This is why my blog is now called "No Boxes Allowed." And why I sometimes need to be reminded of the need for not putting people in boxes. Not metaphorical ones anyway.
Went to Mass yesterday, like I always do on Sundays. I saw the procession getting lined up to go in and noticed that we had a guest priest. One that I had never seen before. And he seemed out there. Weird hair. Weirdest robe and vestments I had ever seen. Seemed kind of out of it, too. Looked a bit like this:
So I was bracing myself for a barely understandable Gospel reading, an incoherent Homily and who knows what else.
Then he opened his mouth. Boy, was I wrong.
I am guilty. I unfairly put this man in a box before he had spoken a word. Stupid and hypocritical of me.
Our priest at Mass yesterday was Boniface Hardin, the founder of Martin University in Indianapolis. Correction: Father Boniface Hardin. Until yesterday I had no idea he was a Benedictine monk who had graduated from St. Meinrad Archabbey in southern Indiana.
By the way, the robes and vestments? For African Catholic Mass rituals. Approved by the Vatican.
One of the best ways to impress me as a priest is to understand the Bible. Not just the words and lessons of the Bible, but the history of Bible, the historical context of the times of the Bible, the language of the Bible ...
And Father Hardin knows it. Discussed during the Homily how yesterday's Gospel had originally been written in Aramaic, which caused translation and interpretation issues. Discussed the parable of yesterday's Gospel (a rather weird parable: an enemy planted weeds among a farmer's crops; did people actually do this?), and how Jesus Christ, as He tended to do, explained that parable with ... another parable. Confused and annoyed the Apostles like nobody's business.
Father Hardin's mind is as sharp as a scalpel.
And he talked about his own history a bit. How his mouth sometimes gets him into trouble (yeah, that never happened to me ...), how he has sinned, how he has not always been in the right ... but he tries to learn from it. To learn from it and grow in furtherance of God's work.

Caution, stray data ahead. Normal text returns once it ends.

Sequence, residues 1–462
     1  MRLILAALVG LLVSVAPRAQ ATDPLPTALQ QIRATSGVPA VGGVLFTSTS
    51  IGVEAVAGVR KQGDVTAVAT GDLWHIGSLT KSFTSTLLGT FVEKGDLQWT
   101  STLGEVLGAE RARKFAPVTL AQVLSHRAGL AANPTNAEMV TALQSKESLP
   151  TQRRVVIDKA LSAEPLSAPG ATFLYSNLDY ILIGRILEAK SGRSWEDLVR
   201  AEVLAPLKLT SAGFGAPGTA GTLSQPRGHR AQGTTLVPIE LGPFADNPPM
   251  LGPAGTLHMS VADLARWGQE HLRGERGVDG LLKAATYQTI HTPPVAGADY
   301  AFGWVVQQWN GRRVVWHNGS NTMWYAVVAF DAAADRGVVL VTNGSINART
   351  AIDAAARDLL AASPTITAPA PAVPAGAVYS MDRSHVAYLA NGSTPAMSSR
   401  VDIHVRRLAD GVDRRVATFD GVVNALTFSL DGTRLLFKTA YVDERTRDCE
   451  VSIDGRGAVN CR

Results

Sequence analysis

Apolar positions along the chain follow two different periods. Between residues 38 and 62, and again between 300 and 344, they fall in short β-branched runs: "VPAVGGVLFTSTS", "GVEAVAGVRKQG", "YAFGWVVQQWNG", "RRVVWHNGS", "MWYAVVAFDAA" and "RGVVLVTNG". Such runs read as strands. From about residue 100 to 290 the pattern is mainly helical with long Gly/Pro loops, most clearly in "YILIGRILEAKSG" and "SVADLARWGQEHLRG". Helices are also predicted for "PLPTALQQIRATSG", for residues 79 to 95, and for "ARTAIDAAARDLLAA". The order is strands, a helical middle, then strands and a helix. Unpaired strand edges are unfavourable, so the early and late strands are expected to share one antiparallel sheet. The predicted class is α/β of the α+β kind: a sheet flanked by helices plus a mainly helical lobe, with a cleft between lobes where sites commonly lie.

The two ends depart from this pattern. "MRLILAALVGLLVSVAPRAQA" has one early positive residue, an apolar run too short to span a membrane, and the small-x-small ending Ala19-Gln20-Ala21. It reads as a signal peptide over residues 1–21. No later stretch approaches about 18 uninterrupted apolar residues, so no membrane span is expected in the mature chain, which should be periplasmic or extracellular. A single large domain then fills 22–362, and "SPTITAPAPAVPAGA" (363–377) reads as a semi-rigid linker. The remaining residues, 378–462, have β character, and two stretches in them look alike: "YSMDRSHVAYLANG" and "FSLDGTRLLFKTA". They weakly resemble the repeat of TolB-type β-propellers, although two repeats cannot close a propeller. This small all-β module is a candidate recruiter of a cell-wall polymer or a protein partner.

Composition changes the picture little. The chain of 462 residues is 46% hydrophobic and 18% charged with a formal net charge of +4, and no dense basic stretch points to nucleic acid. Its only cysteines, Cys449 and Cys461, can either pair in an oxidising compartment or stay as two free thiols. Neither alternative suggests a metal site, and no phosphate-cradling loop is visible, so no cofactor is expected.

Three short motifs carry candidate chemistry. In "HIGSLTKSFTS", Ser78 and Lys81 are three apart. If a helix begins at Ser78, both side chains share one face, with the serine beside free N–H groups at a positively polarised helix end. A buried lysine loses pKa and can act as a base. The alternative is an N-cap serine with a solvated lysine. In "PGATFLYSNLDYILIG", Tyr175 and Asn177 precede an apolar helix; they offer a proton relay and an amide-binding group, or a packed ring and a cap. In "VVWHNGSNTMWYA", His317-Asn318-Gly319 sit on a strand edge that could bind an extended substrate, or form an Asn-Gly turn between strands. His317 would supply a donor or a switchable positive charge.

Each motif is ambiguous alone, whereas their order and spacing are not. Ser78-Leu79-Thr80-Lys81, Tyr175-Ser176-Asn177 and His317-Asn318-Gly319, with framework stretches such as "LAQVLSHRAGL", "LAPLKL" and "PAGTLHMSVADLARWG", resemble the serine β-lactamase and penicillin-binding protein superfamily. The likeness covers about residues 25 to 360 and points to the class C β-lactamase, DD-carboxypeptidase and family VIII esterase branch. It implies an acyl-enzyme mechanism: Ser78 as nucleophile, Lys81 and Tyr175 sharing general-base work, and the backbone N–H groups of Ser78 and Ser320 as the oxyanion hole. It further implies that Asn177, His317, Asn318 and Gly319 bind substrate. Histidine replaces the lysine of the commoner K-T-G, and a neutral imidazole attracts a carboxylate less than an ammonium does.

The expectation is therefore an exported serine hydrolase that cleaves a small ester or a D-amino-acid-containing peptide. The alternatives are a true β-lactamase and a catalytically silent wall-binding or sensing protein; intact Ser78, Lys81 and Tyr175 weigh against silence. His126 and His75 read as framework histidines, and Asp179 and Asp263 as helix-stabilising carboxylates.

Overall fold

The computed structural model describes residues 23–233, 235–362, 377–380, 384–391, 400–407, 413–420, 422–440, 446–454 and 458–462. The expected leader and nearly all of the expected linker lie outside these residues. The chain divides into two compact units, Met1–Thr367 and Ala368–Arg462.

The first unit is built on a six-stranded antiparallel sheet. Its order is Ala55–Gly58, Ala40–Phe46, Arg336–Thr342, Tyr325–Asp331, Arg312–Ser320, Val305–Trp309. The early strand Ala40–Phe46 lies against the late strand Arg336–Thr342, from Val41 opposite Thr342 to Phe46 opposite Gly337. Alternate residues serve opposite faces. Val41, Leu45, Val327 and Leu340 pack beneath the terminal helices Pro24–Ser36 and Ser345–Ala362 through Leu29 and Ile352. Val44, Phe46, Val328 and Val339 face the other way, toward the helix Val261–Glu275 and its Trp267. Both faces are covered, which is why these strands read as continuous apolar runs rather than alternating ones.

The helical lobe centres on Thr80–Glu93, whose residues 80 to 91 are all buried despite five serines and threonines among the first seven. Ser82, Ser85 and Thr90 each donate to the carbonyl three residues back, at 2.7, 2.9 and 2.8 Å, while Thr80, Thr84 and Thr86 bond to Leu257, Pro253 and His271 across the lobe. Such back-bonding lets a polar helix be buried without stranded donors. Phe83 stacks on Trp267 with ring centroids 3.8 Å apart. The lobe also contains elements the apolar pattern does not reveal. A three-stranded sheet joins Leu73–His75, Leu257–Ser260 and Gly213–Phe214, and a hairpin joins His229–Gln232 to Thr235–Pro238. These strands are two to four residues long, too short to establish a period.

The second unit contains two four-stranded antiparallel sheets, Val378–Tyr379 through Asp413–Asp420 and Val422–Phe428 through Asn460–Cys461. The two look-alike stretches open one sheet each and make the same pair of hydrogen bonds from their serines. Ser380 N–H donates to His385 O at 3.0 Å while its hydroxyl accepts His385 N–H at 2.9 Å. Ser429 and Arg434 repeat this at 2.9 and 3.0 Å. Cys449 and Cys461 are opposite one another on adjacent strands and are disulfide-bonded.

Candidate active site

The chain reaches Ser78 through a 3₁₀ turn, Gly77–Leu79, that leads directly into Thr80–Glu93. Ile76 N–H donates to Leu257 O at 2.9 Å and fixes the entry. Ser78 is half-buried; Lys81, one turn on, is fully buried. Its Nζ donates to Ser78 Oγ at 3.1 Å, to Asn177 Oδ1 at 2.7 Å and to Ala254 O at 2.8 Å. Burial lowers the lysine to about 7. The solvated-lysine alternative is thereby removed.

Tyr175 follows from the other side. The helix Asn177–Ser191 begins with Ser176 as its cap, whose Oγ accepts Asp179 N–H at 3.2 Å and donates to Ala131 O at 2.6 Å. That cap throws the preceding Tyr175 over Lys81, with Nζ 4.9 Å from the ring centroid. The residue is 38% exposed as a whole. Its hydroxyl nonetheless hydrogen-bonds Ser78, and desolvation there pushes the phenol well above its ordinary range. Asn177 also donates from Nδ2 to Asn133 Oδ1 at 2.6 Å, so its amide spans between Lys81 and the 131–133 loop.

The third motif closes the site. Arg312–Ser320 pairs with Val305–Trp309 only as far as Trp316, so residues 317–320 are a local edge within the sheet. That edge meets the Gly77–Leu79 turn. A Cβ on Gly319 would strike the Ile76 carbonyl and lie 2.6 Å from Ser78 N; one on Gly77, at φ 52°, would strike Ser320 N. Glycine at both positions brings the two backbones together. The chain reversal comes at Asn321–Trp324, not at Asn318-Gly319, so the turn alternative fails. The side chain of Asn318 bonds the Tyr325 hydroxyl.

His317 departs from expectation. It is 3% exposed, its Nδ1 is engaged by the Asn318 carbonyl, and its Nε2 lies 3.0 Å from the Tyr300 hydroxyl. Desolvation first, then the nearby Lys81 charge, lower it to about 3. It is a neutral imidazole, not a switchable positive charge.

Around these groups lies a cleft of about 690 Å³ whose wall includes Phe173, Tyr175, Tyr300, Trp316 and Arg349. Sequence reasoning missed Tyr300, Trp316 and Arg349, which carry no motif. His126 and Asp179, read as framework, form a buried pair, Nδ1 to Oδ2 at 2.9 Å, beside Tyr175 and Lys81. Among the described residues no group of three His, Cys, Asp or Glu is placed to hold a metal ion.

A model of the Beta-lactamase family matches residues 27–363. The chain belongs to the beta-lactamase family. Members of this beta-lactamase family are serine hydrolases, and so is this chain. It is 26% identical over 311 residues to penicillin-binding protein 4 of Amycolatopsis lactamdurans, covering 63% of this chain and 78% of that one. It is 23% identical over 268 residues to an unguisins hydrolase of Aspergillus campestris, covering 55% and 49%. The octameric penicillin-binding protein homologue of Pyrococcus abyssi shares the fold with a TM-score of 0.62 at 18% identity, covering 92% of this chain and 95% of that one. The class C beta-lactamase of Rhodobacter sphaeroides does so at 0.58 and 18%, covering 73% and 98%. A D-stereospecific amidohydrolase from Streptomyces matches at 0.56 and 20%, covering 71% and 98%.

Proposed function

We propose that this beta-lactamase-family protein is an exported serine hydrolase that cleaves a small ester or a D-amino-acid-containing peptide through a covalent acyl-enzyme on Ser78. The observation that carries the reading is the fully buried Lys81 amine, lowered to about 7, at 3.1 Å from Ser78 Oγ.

Didn't see one shred of evidence of intellectual atrophy in him. Examining oneself is a healthy sign of curiosity.
Friendly, laughing, self-deprecating and outgoing. Then he got to the Consecration of the Eucharist.
At that point, Father Hardin seemed to me to have become a different person. Much more serious, focused, reverent. Let me repeat that last one: reverent. He displayed a reverence for the Eucharist.
Now, to be sure, pretty much all priests do. For those of you who don't know, the Eucharist is the center of the Catholic Mass. Unleavened bread and wine changed to the Body and Blood of Christ. But I can't say I recall ever seeing such a palpable change in demeanor as I saw from Father Hardin when he transitioned from the Homily to the Consecration. The change struck me as indicative of the deep love this man has for God, Jesus, the ROMAN Catholic Church and the meaning of it all.
I left Mass yesterday very, very impressed with Father Hardin. Smart, funny, humble, caring, educated and, indeed reverent -- intelligently reverent -- for the ROMAN Catholic Church for which I care so deeply.
Father Hardin can now count me as a fan. Whatever he may have done wrong in the past, he is a credit to the Church, to the community, to the city and to Martin University. We are all blessed to have him in our midst.
And I left Mass yesterday having learned again about my own penchant for not always practicing what I preach, for not treating others as I expect -- no, demand -- to be treated. And how I need to do better.